Hot answers tagged


Easy bit - Touch screens don't usually work when wet, you can easily test it, sprinkle some water on the screen and see how it goes. Because phones are high volume consumer goods designed as life style toys, not outdoor equipment, as far as IP ratings, I personally believe the claimed IP ratings are based on marketing need for a bigger number than the ...


I use a Sony Xperia z3 compact as my bike computer/GPS, in all UK weather. It's described by the manufacturer as waterproof, but not for immersion, and I've never had any water ingress issues (even washing it up). You do have to be careful the seal is tight on the sim card slot. As for using it in the rain, the touchscreen isn't completely useless, but it ...


Unfortunately workout files are not accessible on Android but there is a way you can get them onto your Android device. To get a custom workout into the Android app you will need to import the workout into Zwift using your PC, Mac or iOS device. This will save the workout on Zwift's servers which in turn will make it accessible in your Android app.


DriKase and Drikase XL (for large phones or phones with cases) are good waterproof phone cases which mount to your stem and keep your phone dry while being able to operate it through the liner. It doesn't set it out front of your bars though.


IPBike Google Play will pair with *ANT+ or BTLE devices and let you use a wheel speed sensor along with GPS. It works extremely well but has a steep learning curve. *This assumes your Android phone has ANT+ connectivity.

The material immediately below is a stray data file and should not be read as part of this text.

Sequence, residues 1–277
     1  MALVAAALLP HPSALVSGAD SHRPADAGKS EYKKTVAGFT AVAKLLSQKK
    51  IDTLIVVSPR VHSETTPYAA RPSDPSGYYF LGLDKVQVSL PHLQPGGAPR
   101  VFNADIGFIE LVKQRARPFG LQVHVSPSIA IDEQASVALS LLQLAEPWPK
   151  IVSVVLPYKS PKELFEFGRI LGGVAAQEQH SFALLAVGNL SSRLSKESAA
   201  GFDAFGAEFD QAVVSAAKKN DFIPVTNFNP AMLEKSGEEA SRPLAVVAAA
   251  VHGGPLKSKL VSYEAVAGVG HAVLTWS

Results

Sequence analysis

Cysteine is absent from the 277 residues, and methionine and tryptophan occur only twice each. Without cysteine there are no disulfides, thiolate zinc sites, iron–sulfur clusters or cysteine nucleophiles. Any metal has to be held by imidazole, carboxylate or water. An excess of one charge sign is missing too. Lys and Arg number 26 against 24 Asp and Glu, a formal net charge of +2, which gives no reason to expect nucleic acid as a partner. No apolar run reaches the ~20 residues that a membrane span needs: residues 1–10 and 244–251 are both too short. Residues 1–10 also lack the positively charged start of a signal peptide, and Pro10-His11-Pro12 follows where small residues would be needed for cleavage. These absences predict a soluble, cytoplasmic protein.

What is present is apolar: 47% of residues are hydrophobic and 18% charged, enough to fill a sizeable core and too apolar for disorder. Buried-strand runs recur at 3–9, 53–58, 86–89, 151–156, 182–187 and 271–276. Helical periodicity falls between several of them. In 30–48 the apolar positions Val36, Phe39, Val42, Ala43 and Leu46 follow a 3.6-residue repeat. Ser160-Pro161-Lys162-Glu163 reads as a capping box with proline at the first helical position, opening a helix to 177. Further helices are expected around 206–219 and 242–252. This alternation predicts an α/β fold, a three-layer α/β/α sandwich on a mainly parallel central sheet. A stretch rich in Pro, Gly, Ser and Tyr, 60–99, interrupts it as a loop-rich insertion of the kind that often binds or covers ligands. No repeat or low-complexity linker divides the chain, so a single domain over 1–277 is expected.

I've had a phone in a bumper case come off the handlebars several times without damage. But my handlebar mount kept getting broken in the bike shed at work so I switched to a top tube bag (which also holds a tube and basic tools). The low light readability is still an issue, but you're over the top of it a bit more which helps. Where I put tools you could ...


I use my Samsung S2 with an extended-life battery and the fantastic Finn mount. I use Strava and ViewRanger apps (usually both at the same time). The whole setup is very cheap and knocks spots off the single purpose bike computers that I have seen. I would want to carry a phone anyway, so the weight consideration is entirely in favour of letting the phone ...


You can buy/get an old smartphone, after uninstalling unnecessary software (almost everything) install MMR/endomondo/strava app, insert expired sim card (still connecting to BTS stations - better tracking accuracy) then you have a great cheap bicycle computer with track logging.


I'm using currently using Quad Lock mount with an iPhone5. I'm having no issues with it and the GPS is very accurate. Battery life is still a concern, but turning off LTE, Bluetooth and Wireless, while turning on Do Not Disturb; I'm seeing less then 10% battery usage per hour. I don't have any hardware for it yet, but looking at the new low-power bluetooth ...

Only top voted, non community-wiki answers of a minimum length are eligible